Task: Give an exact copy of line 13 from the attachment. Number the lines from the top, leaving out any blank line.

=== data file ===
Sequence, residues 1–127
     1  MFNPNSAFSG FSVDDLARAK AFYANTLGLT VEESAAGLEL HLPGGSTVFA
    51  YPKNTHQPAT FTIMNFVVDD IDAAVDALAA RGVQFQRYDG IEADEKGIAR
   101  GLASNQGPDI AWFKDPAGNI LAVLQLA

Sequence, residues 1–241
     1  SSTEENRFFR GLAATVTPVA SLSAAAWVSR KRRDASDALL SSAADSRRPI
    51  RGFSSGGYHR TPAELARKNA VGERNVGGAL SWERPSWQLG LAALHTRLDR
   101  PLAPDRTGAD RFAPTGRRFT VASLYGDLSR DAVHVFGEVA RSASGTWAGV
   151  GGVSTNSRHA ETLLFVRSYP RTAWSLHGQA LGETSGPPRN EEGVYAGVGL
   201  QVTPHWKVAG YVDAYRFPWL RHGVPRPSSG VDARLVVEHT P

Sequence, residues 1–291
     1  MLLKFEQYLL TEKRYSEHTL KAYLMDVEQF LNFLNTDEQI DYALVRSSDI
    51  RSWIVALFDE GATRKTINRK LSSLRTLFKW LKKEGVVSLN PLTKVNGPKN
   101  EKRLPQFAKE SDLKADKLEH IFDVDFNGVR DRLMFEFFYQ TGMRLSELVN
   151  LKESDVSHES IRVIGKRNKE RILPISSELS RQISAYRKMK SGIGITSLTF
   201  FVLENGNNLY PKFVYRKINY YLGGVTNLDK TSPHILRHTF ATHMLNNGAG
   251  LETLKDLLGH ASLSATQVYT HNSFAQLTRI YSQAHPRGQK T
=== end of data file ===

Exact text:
    51  RSWIVALFDE GATRKTINRK LSSLRTLFKW LKKEGVVSLN PLTKVNGPKN